Prices of Burgundy wines fall by 21%

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IT WAS more a frisson than an earthquake that rippled through the vineyards of Burgundy this week at the news that prices for the 1993 vintage fell by 21 per cent on average at the annual Hospices de Beaune charity auction on Sunday.

An indifferent vintage in 1993, coupled with a static market, fuelled speculation before the auction, which acts as a barometer of the price of the latest vintage, that prices would drop. Although braced for a fall, Burgundy was nevertheless surprised prices plummeted so dramatically.

In its eve of harvest report on 30 August, the Bureau Interprofessionel des Vins de Bourgogne, Burgundy's official representative of growers and merchants, was already predicting 'a fine harvest for 1993'. It was not to be. Early optimism was thwarted by poor weather in the last week of September. A number of growers managed to pick their chardonnay early, and are happy with the results. The outcome is likely to be far more variable, however, for growers whose grapes were not ripe enough to be picked before the bad weather.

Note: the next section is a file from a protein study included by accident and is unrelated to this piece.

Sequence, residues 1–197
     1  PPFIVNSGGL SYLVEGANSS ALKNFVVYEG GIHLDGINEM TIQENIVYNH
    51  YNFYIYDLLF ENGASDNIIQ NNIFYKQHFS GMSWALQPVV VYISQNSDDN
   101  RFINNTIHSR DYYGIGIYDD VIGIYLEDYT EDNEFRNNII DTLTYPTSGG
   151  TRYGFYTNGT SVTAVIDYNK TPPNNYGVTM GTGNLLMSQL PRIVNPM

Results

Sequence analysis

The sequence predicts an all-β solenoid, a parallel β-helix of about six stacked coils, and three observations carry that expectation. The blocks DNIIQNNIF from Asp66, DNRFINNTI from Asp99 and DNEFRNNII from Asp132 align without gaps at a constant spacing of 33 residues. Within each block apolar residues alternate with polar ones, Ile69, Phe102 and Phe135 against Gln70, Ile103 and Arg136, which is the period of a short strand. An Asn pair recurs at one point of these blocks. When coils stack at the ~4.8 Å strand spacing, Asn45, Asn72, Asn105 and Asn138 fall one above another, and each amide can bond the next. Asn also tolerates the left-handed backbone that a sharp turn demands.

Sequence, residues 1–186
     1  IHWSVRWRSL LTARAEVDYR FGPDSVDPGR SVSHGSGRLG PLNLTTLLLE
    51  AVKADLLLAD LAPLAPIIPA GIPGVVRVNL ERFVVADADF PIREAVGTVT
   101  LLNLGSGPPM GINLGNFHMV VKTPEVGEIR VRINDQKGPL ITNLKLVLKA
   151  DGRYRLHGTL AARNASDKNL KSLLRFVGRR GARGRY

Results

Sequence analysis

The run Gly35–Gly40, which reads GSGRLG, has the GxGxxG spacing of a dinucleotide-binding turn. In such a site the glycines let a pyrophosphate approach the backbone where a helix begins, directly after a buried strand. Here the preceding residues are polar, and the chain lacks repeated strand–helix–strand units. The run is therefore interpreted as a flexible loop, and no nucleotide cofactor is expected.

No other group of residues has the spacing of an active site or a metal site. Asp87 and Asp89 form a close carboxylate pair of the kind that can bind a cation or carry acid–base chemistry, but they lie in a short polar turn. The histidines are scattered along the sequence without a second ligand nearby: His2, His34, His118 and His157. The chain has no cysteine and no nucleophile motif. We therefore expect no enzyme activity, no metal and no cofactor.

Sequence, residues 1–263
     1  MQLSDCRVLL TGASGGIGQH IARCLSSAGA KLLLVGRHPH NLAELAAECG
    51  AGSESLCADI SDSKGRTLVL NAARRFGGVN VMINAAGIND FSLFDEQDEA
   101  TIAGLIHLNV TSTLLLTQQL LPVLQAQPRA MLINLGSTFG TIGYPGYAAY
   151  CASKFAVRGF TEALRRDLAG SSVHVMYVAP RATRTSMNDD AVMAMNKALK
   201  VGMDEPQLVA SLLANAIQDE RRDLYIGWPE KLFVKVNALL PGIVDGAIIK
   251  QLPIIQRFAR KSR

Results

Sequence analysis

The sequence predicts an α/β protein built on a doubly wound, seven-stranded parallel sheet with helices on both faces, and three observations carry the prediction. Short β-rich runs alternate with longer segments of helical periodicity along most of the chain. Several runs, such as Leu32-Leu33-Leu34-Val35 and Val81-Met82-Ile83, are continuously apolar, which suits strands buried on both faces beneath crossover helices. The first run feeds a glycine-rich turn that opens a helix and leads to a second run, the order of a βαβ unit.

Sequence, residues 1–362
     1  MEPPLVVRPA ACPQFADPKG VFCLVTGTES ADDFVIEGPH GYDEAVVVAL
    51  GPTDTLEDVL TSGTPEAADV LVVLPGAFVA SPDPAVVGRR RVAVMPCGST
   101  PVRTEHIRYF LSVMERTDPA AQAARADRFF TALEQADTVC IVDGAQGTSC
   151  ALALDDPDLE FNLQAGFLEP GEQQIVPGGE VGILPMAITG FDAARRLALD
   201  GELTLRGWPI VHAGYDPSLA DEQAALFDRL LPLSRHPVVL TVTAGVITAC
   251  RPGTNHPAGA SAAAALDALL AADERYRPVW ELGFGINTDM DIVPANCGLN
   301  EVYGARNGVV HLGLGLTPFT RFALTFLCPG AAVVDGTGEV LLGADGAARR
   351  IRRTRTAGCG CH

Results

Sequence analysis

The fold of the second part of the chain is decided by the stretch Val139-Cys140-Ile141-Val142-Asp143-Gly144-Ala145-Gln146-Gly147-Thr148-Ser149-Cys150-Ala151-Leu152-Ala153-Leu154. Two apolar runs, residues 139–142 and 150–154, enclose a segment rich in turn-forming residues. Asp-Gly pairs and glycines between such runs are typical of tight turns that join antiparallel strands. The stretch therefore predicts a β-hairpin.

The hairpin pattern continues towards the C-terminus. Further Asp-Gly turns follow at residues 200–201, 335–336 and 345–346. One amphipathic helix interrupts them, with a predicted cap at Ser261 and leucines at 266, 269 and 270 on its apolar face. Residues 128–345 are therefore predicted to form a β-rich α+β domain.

Market conditions, too, played a significant part in Sunday's price drop. Despite an overall increase in the volume of wines exported in 1992, the value of exports of red burgundy fell by 4 per cent, while white burgundy managed a mere 2 per cent increase.

Overall, red wines were down 23 per cent, white wines 5 per cent. The sale of 759 barrels of wine and 25 barrels of spirits netted a total of 10,877,478 French francs ( pounds 1,279,700).

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